Hollywood has turned into a meat factory, churning out as many cash-cow movies as possible with complete disregard for taste.
In the 1990s and early 2000s we had blockbuster movies, such as Saving Private Ryan, Gladiator, and Braveheart. Those movies were incredible because time was spent on the screenplay, the acting, and special effects was important but not the most important thing.
And then something drastic happened; three trends that negatively impacted the quality of movies today. For the sake of this blog, these trends will be known as diseases.
1. Special Effects Disease
Budgets spent purely on special effects.
Examples: Terminator 4, Terminator Genisys (sorry, Arnold. You know I love you), Avatar, Star Wars I (1999).
2. Remake Disease
Budgets spent on remakes of movies.
Examples: Ghostbusters (2016), Total Recall (2012).
3. Sequel/Prequel Disease
Bad Sequel or Prequel.
Examples: Star Wars I, II, and III, and all Hobbit movies.
I first noticed these trends in 2010, when Clash of the Titans (2010) came out. It had two diseases: Special Effects and Remake, and then that series completed the trifecta with a horrible sequel, Wrath of The Titans (2012).
Obviously, these diseases have been in Hollywood before 2010, but that’s when I first noticed it, and since then the diseases have become rampant, and have clearly impacted the video game industry.
Here are a few examples of video games effected by these diseases.
Special Effects Disease
Star Wars Battlefront – What a beautiful looking game, but with ZERO substance. There’s no campaign mode. The multiplayer battles are so redundant and each fight turns into one, long narrow f*ckfest. Way too many players on each map. The game is so bad it doesn’t deserve more than this paragraph.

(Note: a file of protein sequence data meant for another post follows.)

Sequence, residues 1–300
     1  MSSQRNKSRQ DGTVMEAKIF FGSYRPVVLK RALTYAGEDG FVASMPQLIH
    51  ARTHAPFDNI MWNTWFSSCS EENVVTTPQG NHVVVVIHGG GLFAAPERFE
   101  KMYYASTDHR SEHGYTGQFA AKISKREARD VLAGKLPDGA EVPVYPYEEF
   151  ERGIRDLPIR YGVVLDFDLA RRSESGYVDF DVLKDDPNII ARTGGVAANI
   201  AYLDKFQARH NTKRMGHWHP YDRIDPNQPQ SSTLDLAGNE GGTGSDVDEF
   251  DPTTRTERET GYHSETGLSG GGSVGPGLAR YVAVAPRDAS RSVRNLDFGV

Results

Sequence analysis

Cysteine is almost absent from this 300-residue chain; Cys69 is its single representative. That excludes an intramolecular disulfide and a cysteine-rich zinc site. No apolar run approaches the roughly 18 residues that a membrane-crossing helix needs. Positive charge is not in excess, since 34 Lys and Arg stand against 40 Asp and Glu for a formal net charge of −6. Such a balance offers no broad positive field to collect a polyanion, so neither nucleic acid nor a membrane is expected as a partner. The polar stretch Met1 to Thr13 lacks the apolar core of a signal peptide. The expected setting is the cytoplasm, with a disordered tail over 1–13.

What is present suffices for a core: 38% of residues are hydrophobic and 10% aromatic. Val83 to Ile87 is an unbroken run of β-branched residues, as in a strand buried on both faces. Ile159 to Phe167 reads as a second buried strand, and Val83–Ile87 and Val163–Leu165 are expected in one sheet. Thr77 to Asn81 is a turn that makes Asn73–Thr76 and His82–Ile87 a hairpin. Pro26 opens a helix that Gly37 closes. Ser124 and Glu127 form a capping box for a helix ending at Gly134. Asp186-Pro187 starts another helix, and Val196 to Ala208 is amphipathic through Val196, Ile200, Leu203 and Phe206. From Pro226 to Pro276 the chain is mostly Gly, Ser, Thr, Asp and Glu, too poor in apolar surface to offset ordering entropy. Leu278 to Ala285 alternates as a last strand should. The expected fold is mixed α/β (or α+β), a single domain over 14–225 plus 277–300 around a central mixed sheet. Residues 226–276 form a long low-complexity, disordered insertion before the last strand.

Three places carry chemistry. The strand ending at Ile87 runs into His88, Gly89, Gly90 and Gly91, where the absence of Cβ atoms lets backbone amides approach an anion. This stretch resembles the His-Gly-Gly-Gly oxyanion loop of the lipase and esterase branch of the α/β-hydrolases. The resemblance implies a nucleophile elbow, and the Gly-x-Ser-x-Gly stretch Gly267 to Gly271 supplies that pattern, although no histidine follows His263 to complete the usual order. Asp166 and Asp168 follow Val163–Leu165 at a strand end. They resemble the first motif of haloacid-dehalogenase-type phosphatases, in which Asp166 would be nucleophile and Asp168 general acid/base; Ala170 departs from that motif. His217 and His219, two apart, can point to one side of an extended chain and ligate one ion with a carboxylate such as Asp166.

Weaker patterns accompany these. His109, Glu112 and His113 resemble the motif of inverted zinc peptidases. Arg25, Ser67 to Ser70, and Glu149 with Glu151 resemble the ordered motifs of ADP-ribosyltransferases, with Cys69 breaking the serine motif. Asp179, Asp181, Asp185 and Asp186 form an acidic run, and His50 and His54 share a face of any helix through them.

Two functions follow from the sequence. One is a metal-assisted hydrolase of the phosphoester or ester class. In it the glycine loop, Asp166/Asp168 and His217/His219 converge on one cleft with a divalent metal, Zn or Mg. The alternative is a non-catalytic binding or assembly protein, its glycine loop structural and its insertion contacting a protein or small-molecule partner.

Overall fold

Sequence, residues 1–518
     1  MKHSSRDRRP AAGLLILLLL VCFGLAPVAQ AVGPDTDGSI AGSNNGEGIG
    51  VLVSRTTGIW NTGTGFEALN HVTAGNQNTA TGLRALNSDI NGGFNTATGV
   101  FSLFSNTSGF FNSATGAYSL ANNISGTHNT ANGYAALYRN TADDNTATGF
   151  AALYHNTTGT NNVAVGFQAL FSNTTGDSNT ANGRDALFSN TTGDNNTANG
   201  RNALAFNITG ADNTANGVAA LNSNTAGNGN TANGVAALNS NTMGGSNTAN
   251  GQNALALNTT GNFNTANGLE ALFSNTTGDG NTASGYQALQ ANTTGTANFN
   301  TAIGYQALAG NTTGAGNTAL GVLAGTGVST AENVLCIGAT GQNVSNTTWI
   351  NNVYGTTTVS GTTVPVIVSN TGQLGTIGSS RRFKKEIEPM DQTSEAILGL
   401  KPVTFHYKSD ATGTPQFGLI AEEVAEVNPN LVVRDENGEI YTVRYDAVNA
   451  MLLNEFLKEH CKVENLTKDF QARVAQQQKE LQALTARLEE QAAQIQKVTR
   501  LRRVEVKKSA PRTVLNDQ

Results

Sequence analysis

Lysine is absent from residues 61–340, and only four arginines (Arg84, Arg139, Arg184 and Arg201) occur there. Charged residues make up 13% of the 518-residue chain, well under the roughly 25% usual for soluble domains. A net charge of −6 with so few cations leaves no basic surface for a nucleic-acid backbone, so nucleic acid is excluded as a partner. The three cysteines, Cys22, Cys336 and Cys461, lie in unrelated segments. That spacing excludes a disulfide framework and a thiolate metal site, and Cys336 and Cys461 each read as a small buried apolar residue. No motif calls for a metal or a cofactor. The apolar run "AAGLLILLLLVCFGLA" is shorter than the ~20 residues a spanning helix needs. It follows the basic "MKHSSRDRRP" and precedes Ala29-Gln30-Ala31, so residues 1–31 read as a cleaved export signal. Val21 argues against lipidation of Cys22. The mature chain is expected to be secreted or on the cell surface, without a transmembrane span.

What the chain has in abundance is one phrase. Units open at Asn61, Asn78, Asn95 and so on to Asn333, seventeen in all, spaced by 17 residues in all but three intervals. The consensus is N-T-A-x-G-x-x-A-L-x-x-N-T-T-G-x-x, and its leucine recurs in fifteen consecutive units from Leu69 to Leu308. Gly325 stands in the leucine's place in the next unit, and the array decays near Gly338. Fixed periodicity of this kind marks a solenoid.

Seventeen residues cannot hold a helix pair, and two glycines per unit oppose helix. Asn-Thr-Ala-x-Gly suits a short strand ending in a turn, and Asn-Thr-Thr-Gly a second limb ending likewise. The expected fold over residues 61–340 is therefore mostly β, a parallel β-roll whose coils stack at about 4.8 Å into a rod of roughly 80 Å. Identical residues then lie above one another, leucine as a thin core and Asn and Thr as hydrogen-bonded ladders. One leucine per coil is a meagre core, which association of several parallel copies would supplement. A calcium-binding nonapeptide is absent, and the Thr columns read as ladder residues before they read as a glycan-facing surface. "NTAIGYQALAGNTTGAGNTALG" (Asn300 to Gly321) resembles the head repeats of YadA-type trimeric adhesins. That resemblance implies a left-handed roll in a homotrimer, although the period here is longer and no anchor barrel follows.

The Division – Slightly better than Star Wars Battlefront, but suffers from the same special effects disease. An empty game. Repetitive missions. Upgrades galore. It’s trying to be like Destiny and World of Warcraft, where it’s an endless game of upgrades. Except it forgot one thing about itself: It sucks.
Gears of War, Remastered – actually a fun game, but why did I agree to pay $60 for this again? Oh, that’s right, because the ads sucked me in and I pretty much directly funded Gears of War 4.
Resident Evil 4 – Fantastic game. I love it. But the controls are horrible because it’s based off of a system from over 10 years ago, and they refuse to upgrade it, making it somewhat frustrating to play, but not to the extent where I feel I wasted my money.
BioShock Collection – Another great series of game. But can you please just work on the next game, instead of begging me for money AGAIN on games you already made?
Call of Duty Series (any game post Black Ops) – what a horrible series this has become. It takes the skin of the last game, copy pastes it into a new campaign, and instead of enhancing the look and feel of the game, it decides to copy TitanFall and include things like jet packs. Call of Duty used to be the best FPS because it was realistic and contemporary (WW1, WW2). But then jet packs? Get the f*ck outta here.
Why put their money into superficial content? Why not focus on innovation and creativity? Why remake these titles? Why not put more time into new, engaging stories?
Answer: Recycling popular games and cutting corners is the safe play. It saves time and money. As customers we’re buying in, so why would they change?
For now the video game industry brings out a higher percentage of quality products than Hollywood. A few of the games I mentioned earlier technically have that Hollywood disease, but they are still fun.
To me the difference between video games and Hollywood is this: I will give a Call of Duty demo a shot, and I may even buy the full game. But there’s no way I’m buying any Jason Stratham movie, post The Italian Job (2003). Catch my drift?
Let’s just hope that huge, blockbuster flops like Battlefront and The Division are anomalies, and don’t become the norm like they are in Hollywood.